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Bill Self against altering transfer rules to make players immediately eligible

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Kansas head coach Bill Self lays into an official during the first half, Saturday, Dec. 16, 2017 at Pinnacle Bank Arena in Lincoln, Nebraska.

Kansas head coach Bill Self lays into an official during the first half, Saturday, Dec. 16, 2017 at Pinnacle Bank Arena in Lincoln, Nebraska. by Nick Krug

Kansas coach Bill Self is as familiar with the ins and outs of players transferring as anyone in college basketball.

But Self made it clear Thursday during his weekly press conference he isn’t in favor of any changes to NCAA transfer rules that would allow players to leave one university and become immediately eligible at their new school without sitting out for a year.

One such plan that originated within the Big 12, though, would enable players to do so in certain circumstances. A report from Dennis Dodd of CBS Sports this week detailed a proposal to reform NCAA transfer bylaws for those sports currently impacted — football, men’s and women’s basketball, baseball and hockey — and begin applying the rules to all Division I sports.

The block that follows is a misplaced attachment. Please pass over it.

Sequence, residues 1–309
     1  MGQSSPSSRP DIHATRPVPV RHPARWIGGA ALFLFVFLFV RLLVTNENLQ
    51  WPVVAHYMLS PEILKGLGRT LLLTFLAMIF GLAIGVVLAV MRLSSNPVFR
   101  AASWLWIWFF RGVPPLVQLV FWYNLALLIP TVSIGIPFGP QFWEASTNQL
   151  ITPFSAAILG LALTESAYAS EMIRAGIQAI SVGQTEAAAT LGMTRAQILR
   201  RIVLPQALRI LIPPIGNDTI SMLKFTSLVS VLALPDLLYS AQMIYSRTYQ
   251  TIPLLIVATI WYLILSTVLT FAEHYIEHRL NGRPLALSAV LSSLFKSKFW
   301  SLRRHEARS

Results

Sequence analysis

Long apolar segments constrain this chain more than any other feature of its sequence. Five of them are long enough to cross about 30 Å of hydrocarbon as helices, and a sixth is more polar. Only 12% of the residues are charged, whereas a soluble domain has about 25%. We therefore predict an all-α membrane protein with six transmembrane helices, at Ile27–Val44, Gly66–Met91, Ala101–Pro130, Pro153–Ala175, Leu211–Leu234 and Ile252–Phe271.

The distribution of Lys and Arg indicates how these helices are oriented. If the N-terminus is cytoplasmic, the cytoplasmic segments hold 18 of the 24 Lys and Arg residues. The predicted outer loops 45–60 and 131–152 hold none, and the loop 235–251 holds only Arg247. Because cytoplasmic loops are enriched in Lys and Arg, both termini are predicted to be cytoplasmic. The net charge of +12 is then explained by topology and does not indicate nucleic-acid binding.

Suggested changes included allowing athletes to transfer and become eligible for competition without taking a redshirt season if their head coach were fired or left the school to take another job. That rule, however, would not allow players to follow their head coach to another school and become immediately eligible.

The proposal also called for players to be able to freely transfer and play immediately if their program received a postseason ban from the NCAA.

Self expressed his concerns about such rules possibly being put in place.

“I think any time when you don't have to sit out is a very, very, very bad rule. I personally think, for instance, and there has been talks that if a coach leaves, allow everybody to leave, but they can't go to the school with the coach. What about an assistant coach? … I guess he doesn't fall into that category. If he takes the players he recruited to go to another school, they'd have to sit,” Self began.

“The thing about it is, with our sport, people talk a lot about a lot of different things with our sport. Competitive balance is good. What you've done is you've just eliminated that with (reforming transfer bylaws).”

The 15th-year Kansas coach also wondered aloud how altered transfer rules would deal with a coach’s retirement.

“That whole team can leave before you have an opportunity to hire a new coach. I don't understand. And I don't understand how that fits into the academic component, where statistics show, unless you have a certain grade point average or whatnot, statistics show when you transfer, not usually all credits transfer, and it takes a little bit longer to graduate,” Self said.

“If we're looking at it from the big picture as to what's best for student-athletes as a whole over time, I would think graduation would be at the top of the list, and then I think competitive balance is right there underneath that,” he added.